Birth stories. They’re all so different, aren’t they? I love reading them and hearing about how babies join their families (and recently I shared one of mine here). When I was pregnant with my first I searched them out to get some sense of what ‘typical’ was when it came to labour – but what does ‘typical’ even mean when it comes to childbirth?
While that may not exist, today we’re going to look at what the research says in terms of the (very large) range of what is normal when it comes to the length of labour. I think this information is so valuable in calibrating expectations to match reality. Chances are you won’t need to immediately rush to the hospital at signs of the first contraction like movies suggest.
What factors can impact the length of labour?
1. Medical interventions
- An epidural may lengthen both labour1,2 and the pushing phase3
- Having labour medically induced (either by attempting to soften and dilate the cervix locally with synthetic hormones or with a small bulb/balloon, and/or through the use of Pitocin – a synthetic version of oxytocin that causes the uterus to contract)4,5
- Confinement to a bed during labour6
2. Person giving birth
- First birth4,7
- Overweight or obese8-10
- Advanced age (35 years or older)4,11
- Survivor of sexual assault13
- Premature rupture of membranes (PROM – when the water breaks before labour starts)4
- A successful external cephalic version for a breech baby (when a healthcare provider puts their hands on the pregnant person’s belly to turn baby into the head-down position)14
- A diagnosis of ‘failure to progress’ during a previous birth15
- Gestational diabetes, high blood pressure or preeclampsia, amniotic fluid levels that are low or high, having had an infant die during/shortly after labour, and infertility treatment4,16
- Positioning of baby (baby’s spine facing the back instead of stomach i.e. ‘sunny-side up’, or baby’s head tilted sideways)17-19
- Big baby (in this study – babies greater than 8 lbs 13 oz or 4000 g)16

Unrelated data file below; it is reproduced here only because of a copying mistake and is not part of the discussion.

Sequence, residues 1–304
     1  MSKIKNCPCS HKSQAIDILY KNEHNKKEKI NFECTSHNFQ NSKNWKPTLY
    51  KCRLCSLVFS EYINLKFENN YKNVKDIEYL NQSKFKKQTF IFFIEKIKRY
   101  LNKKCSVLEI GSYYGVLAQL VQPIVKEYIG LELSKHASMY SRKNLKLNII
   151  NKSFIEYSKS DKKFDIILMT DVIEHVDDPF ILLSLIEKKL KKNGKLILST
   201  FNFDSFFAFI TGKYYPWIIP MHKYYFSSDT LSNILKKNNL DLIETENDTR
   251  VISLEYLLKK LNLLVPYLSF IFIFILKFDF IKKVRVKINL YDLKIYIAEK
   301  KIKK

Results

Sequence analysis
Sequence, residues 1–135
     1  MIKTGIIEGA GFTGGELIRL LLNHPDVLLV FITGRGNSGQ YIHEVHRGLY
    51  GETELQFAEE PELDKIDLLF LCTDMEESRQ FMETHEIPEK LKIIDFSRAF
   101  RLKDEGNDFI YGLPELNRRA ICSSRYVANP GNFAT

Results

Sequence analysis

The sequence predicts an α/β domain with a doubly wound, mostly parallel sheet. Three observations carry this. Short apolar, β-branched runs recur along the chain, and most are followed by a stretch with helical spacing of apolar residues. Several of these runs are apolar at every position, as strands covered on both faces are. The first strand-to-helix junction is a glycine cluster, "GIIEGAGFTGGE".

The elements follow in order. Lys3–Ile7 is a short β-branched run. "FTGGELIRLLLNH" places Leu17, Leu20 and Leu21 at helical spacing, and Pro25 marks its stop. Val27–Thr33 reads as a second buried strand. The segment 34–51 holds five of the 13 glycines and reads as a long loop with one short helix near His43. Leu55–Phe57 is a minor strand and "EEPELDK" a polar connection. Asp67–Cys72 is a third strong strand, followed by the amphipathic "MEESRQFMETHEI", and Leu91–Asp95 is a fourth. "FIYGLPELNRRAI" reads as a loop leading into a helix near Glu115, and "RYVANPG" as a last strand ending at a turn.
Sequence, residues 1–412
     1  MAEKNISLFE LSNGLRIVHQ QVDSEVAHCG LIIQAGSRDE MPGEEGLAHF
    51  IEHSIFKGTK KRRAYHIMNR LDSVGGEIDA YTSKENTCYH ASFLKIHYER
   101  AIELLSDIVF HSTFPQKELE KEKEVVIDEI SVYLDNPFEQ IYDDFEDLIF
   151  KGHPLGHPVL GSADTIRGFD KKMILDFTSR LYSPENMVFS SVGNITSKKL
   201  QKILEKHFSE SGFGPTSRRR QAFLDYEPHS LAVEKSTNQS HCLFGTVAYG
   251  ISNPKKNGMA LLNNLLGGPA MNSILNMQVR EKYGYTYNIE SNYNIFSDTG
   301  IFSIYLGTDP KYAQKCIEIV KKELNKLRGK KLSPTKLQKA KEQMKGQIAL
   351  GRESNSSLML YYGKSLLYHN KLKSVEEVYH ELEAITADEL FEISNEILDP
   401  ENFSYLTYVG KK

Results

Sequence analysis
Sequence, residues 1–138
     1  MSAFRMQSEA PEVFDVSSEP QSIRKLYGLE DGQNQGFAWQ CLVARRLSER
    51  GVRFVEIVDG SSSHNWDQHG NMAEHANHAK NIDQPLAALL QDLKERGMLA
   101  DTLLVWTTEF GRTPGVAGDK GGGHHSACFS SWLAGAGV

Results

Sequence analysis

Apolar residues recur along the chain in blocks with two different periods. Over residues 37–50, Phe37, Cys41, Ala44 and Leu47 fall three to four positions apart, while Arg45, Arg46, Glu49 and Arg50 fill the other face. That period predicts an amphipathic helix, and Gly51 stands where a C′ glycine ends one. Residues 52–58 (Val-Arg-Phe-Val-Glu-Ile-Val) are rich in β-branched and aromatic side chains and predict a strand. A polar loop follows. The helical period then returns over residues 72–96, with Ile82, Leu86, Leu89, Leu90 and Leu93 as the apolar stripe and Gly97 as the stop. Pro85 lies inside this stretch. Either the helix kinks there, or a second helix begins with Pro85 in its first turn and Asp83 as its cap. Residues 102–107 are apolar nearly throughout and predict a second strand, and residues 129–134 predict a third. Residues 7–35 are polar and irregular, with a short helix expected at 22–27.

1. Medical interventions
- No epidural during labour1-3
- Pitocin augmentation/acceleration (using Pitocin to speed up progress in labour)21
2. Person giving birth
- Have previously given birth4,7
- Upright positions during labor6 and pushing22 (we talk all about this here. Check it out – it’s a good one!)
3. May lengthen, shorten, or not impact anything
- Artificial rupture of membranes (AROM – when a healthcare provider breaks the water)24
How long does it take to fully dilate?
Before we talk numbers, little math term reminder – ‘median’ means the middle number – meaning half of people will take less than the median and half will take more.
Data from a large study published in 2010, including over 62 000 deliveries between 19 hospitals in the US provides some insight.7
There were no multiples in these births, labours all started on their own (no induction), with head-down babies resulting in a vaginal delivery of a healthy baby. About 80% had an epidural (which can slow things down) and 50% were given oxytocin (to speed things up) – so keep that in mind as you read.
- Active labour – which tends to progress more quickly, doesn’t begin until around 6 cm dilation, whether one is a first-timer or not
Early labour (0 – 6 cm):
- Many people (first-timers or not) go long periods without any dilation
- For those arriving at the hospital in labour at 2 cm dilated the median number of hrs is:
- 6 hrs (to go from 2 cm to 6 cm)
- But! On the long end – about 95% will have reached 6 cm by 7 hrs (meaning 5% won’t have – and that’s normal! That 5% who took longer than 15.7 hours still went on to have healthy babies vaginally)
- Also, for some, it can take 7 hrs for those admitted at 2 cm to show any change in dilation (so that means for some, they’ll stay at 2 cm dilated for 7 hrs, and yes, that’s also normal!)
- 6 hrs (to go from 2 cm to 6 cm)
That was a lot of words and information, put more simply, see this visual below:
Active labour (6 cm to 10 cm):
- This is where having had a baby before can speed things up
- To go from 6 cm to 10 cm for first-timers, the median is 2.1 hrs (with 95% of people taking 8.6 hrs or less) and 1.5 hrs for second-timers (with 95% taking 7.5 hrs or less)
Again, let’s see this info visually to get a better grasp:
Pushing phase (10 cm to birth):
- The pushing phase, for those with an epidural, the median is:
- 1.1 hrs for a first-timer, and 0.4 hrs for a second-timer
- Without an epidural, pushing time is decreased:
- 0.6 hrs for a first-timer, 0.2 hrs for a second-timer
Why can it take so long to get to 6 cm?
- Here’s the thing – dilation gets a lot of attention. We seem to measure all progress by dilation, but it’s not the only thing happening
- The cervix also has to soften, shorten and thin out, or ‘efface’, to be able to fully dilate